On any desktop e-commerce website, the checkout process needs to be as smooth as possible to maximise conversions. This is even more vital on so mobile sites.

When users are buying from a small screen device with variable connection quality, a long or complex checkout process will deter customers from making a purchase.

Here are a few tips on mobile commerce checkouts, along with some examples of how it should be done…  

Design a proper mobile checkout

This is the first step to take if retailers are serious about driving sales via mobile. Even with some otherwise impressive mobile commerce websites or apps, customers are directed to the checkout from the main website. 

For example, on the Oasis iPhone app, the checkout looks like this on your mobile screen: 

Navigating this checkout, entering your address information and credit card number will be a tough job, even on a decent wi-fi connection; on a 3G connection of variable quality, it could be a nightmare. 

I’ve been told that conversion rates from mobile commerce apps with checkouts like this are pretty poor, while this article reports that conversion rates for mobile users on web checkouts are 70-80% lower than on desktop sites.  

It’s easy to see why, and it may even be a better idea to provide a contact number for customers to complete the purchase, rather than forcing such a poor user experience on them. 

If retailers are serious about driving sales from mobile commerce apps and websites, then a properly designed mobile optimised checkout is a must. 

Compare the Oasis example above with the checkout on the Barnes & Noble iPhone app: 

Shoppers can negotiate the checkout on this app without having to zoom in and out to read and understand the different form fields, and the whole process is much faster as a result, even more so if you are already registered with the site. 

Don’t make registration compulsory

Compulsory registration is a barrier to purchase anyway, but an absolute no-no on a mobile site, since every extra form field to fill in means more pain for the customer. 

Again, Barnes & Noble provides an excellent example, with a guest checkout that also provides the option of registration during checkout: 

Provide a progress indicator

Customers like to know how many stages are left in the checkout process, and this information should also be displayed during mobile checkouts. It can also be used as a way for users to skip back in case they need to alter anything.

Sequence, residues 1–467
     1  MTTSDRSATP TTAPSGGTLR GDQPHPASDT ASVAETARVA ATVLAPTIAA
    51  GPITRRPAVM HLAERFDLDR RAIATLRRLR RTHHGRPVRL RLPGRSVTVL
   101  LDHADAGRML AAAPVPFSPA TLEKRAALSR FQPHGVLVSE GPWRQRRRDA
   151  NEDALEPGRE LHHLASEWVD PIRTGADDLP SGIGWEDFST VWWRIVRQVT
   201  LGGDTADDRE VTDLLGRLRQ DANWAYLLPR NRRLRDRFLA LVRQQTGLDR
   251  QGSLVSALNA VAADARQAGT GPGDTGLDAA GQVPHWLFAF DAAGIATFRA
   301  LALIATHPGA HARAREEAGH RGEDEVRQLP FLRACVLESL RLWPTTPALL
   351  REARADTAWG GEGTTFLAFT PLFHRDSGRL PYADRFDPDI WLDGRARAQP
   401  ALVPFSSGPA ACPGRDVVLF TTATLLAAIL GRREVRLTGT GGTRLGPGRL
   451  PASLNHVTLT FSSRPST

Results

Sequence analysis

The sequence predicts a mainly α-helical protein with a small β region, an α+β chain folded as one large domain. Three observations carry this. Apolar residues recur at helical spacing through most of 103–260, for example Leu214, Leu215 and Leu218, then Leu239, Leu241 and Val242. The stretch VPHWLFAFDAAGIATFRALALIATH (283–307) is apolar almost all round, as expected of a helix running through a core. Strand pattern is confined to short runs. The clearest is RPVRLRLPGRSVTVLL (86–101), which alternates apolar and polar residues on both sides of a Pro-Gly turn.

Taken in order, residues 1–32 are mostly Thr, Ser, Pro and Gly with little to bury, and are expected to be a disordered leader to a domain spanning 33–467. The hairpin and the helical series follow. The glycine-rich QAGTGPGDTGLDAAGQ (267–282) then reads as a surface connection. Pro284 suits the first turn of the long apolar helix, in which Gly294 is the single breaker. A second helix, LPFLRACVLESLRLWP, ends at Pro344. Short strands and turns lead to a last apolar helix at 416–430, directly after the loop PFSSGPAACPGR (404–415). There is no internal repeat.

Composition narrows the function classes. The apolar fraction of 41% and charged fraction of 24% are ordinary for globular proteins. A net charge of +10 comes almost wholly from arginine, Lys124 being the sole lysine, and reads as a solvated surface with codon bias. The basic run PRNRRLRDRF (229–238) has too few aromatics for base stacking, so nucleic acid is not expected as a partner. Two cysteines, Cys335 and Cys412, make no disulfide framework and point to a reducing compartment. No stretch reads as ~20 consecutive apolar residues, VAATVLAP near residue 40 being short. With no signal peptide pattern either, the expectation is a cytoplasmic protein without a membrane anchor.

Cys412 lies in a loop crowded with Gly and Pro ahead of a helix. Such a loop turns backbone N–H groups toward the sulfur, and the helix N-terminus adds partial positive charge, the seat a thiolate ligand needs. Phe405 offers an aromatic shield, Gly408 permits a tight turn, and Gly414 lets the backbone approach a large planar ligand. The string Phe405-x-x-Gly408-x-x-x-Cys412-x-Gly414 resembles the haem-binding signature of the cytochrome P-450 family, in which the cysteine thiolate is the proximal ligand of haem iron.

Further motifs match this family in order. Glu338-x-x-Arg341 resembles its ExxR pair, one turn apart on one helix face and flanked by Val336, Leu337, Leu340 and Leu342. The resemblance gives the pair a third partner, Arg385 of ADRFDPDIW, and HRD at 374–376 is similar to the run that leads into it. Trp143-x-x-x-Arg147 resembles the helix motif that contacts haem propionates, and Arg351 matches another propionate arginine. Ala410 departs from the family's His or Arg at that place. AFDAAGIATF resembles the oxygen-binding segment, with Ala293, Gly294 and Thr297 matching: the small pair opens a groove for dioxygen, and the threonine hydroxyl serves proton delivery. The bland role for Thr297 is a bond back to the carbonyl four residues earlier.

Here’s an example from the Yoox.com mobile site: 

Keep form filling to a minimum

However well optimised, the more fields there are for a user to fill in, the more likely they are to abandon the process. Mobile checkouts should only ask what is absolutely necessary to complete the purchase. 

Provide shortcuts for customers

Little things like using the billing address as the delivery address will make the checkout process more palatable for mobile users, and using a postcode lookup tool will save a bit more typing. 

Keep page sizes to a minimum

The more elements on a page, the longer it will take to load, and the more likely it is that customers will abandon the checkout process in frustration. The Net A Porter app provides an excellent example of this, with streamlined pages which load reasonably quickly, even on a decent 3G connection. 

Provide faster checkout for registered users

The payment process is one of the biggest obstacle to success in mobile commerce, so the easier this can be made for customers, the more likely they are to buy. 

Allowing customers to use the delivery and payment details that they have already registered on the desktop site can make mobile checkout as smooth as possible and will increase the number of repeat purchases. 

Show a clear contact number during checkout

Since customers are using their phones anyway, it’s easy enough for them to make a call, so providing a clear contact number during checkout could just save a few lost sales. 

M&S does provide a contact number on every page of its mobile checkout process, but it is at the bottom of the page where it is easily missed. 

Provide security reassurances

Some customers may be a little wary about buying via mobile at first, so some reassurances about the security of the transaction may help to ease these concerns. 

Provide alternative payment options

Reducing the hassle of making payments is key to the success of any mobile commerce site, and as well as making card payments as smooth as they can be, alternative methods could also be provided. 

These alternatives include PayPal mobile checkout, click to call, so users can select products on the mobile site and call up to complete the transaction. Another method is cash on delivery, though I have only seen this on the Yoox mobile site.